The War of Bend'r-Mahk increased the territory that is considered Skyrim considerably, allowing the Nordic counts to swallow up many miles of eastern High Rock and Hammerfell. Resistance by the Bretons and the Redguards is feeble in the cities of Jehenna and Elinhir, and more active in the border zones of the countryside. The city-state of Dragonstar continues to be divided into western and eastern sections, walled off from one another, each with its own government, and each with an atmosphere of mistrust and fear. There are few days without an act of terror from one resistance group or another, though, so far little territory has changed hands since the days of the Imperial Simulacrum.

Solitude, always one of the richest and most influential counties in Skyrim, has grown ever more powerful, controlling much of the northern coastline following King Thian's alliance by marriage with Macalla, the Queen of Dawnstar. It has sought to expand its influence further by annexing several former Imperial fiefs, such as the island of Roscrea, ruled directly by the Emperor since Uriel V conquered it in the 271st year. It has begun sponsoring exploratory missions even farther from the mainland into the misty waters of the Sea of Ghosts.

Winterhold, Solitude's ancient rival, has also experienced a renaissance of power and influence. Refugees from Morrowind, far from burdening the eastern city, have brought with them new ideas, enriching her culture and stimulating its old mercantile spirit. Scholars from all over Tamriel have descended on the county since it became home to the Ysmir Collective, a library rescued from destruction in the east, and the cornerstone of academic life at the College of Winterhold.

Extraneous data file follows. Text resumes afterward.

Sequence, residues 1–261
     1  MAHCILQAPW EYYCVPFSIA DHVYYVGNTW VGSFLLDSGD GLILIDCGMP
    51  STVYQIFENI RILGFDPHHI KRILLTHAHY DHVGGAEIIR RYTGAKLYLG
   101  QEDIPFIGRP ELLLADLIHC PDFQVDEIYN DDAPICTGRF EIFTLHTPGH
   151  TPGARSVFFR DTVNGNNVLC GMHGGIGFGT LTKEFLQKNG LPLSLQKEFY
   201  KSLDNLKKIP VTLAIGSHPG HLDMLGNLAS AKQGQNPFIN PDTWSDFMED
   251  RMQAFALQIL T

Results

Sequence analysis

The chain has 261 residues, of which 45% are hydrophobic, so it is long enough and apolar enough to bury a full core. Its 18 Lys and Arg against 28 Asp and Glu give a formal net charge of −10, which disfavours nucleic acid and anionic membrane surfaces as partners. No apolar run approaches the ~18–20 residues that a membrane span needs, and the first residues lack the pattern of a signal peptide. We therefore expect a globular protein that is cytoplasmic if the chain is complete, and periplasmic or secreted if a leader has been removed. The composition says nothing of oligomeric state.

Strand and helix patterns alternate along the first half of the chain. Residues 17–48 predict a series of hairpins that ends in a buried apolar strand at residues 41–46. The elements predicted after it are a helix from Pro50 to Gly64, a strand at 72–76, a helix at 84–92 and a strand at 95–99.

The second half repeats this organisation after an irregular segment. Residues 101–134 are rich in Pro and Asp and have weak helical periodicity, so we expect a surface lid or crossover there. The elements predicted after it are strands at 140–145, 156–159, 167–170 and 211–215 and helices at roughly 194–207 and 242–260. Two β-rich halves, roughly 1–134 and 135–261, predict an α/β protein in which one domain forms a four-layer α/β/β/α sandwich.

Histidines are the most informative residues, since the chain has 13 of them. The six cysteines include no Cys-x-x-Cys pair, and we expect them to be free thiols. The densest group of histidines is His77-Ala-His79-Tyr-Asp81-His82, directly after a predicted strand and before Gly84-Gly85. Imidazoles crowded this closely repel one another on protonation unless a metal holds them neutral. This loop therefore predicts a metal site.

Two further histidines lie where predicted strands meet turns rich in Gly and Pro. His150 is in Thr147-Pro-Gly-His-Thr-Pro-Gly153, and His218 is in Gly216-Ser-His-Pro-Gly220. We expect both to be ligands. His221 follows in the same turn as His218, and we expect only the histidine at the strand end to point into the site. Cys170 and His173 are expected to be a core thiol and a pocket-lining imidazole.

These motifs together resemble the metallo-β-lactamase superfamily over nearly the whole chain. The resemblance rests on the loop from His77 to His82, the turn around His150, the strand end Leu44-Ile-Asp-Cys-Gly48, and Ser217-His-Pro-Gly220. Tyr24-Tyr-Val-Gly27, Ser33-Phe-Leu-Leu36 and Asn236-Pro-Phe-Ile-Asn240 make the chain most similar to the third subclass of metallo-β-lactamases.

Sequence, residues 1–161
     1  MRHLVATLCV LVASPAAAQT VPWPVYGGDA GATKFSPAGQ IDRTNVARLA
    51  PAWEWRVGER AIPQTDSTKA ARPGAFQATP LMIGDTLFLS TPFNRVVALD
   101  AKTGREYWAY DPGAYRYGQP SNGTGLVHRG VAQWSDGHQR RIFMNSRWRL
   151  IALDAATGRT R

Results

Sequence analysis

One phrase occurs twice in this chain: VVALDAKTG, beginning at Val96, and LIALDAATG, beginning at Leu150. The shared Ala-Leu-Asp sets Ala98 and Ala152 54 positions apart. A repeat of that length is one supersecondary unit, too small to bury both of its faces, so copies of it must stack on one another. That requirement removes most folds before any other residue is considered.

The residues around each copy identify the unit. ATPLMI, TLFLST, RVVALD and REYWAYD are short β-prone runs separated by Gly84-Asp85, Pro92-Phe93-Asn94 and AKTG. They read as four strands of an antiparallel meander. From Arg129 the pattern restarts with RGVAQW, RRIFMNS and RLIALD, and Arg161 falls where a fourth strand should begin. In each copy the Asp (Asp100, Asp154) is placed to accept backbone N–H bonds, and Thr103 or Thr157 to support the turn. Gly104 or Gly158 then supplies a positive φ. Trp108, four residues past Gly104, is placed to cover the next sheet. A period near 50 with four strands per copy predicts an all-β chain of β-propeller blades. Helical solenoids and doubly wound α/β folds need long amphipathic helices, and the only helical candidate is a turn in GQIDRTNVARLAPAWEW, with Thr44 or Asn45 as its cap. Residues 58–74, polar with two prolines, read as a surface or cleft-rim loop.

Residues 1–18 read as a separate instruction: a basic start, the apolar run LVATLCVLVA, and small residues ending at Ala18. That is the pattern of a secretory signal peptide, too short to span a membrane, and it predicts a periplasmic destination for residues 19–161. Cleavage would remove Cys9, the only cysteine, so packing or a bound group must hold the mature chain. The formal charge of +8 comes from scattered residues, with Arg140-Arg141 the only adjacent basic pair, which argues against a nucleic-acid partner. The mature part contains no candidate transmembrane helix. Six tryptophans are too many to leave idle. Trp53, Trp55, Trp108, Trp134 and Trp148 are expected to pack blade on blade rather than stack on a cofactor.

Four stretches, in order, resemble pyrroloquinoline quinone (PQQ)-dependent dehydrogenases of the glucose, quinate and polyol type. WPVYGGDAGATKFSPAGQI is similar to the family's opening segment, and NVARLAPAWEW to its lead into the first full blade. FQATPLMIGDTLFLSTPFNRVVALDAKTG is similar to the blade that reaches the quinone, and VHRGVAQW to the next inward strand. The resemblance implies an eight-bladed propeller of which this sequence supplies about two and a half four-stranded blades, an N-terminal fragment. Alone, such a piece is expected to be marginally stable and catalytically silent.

Hrothgar and Whiterun have not been as fortunate as their coastal northern cousins. A dynastic feud, attacks by Hörme bandits and frost trolls, and a series of annihilating winters of alternating floods, droughts, and fires has crippled the area that was once considered the Imperial City of Skyrim. The population blamed and then curiously exalted the leader of the local witches' coven, Jsashe, a self-proclaimed priestess of Lorkhan. The Witch-Queen of Whiterun, as she is called, now wields effective control of the county, though her magic has not brought it prosperity as of yet.

The Seat of Sundered Kings: Cyrodiil

Imperial Geographical Society

Map of Cyrodiil

Like the diamond in the center of the Amulet of Kings, Cyrodiil is the heart of the Septim Empire and Tamriel. Still largely forested and almost landlocked, the beauty of the land has been sung of since time immemorial. Three Empires have wielded their power from the strategic center of the continent, so it is little wonder that Cyrodiil is widely known simply as The Imperial Province.


The early Aldmeri settlers to Tamriel established strongholds on the islands of Summerset and along the coasts, but did not venture far inland. Only oral histories and the fragmented ballad of Topal the Pilot offer glimpses of the ancient beast races that inhabited the land, but they are shadowy, mist-drawn portraits of time before reckoning. It is not until the coming of the Ayleid that Cyrodilic history truly begins.

Imperial RaceThe Ayleids were ancient Aldmer, cousins of all the elven races that exist to this day. Over time, they became a distinct people, crafting a civilization whose ruins still puzzle and fascinate modern archeologists and adventurers. The ancient Nedic people, spreading south from Skyrim, became the slave labor for their ambitions, centered around the White Gold Tower.

The slave rebellion of Alessia in the 242nd year of the First Era is a seminal event in the history of Cyrodiil, and all of Tamriel. While humans and Elves had been battling in Skyrim for some time and the Slave Queen's revolt could not be called the first victory of men over mer, it represents a turning point in the continental power structure. The heart of Tamriel was going to belong to these former slaves, present day Cyrodilics or Imperials, forever more.